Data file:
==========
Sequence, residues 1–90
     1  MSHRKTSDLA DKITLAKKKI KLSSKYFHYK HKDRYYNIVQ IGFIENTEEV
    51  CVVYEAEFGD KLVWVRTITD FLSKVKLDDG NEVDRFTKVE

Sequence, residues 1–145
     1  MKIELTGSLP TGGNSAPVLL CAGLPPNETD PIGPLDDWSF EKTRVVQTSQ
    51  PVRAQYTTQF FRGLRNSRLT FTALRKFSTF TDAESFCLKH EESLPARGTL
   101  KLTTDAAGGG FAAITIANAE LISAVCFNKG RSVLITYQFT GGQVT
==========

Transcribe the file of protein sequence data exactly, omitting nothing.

Sequence, residues 1–90
     1  MSHRKTSDLA DKITLAKKKI KLSSKYFHYK HKDRYYNIVQ IGFIENTEEV
    51  CVVYEAEFGD KLVWVRTITD FLSKVKLDDG NEVDRFTKVE

Sequence, residues 1–145
     1  MKIELTGSLP TGGNSAPVLL CAGLPPNETD PIGPLDDWSF EKTRVVQTSQ
    51  PVRAQYTTQF FRGLRNSRLT FTALRKFSTF TDAESFCLKH EESLPARGTL
   101  KLTTDAAGGG FAAITIANAE LISAVCFNKG RSVLITYQFT GGQVT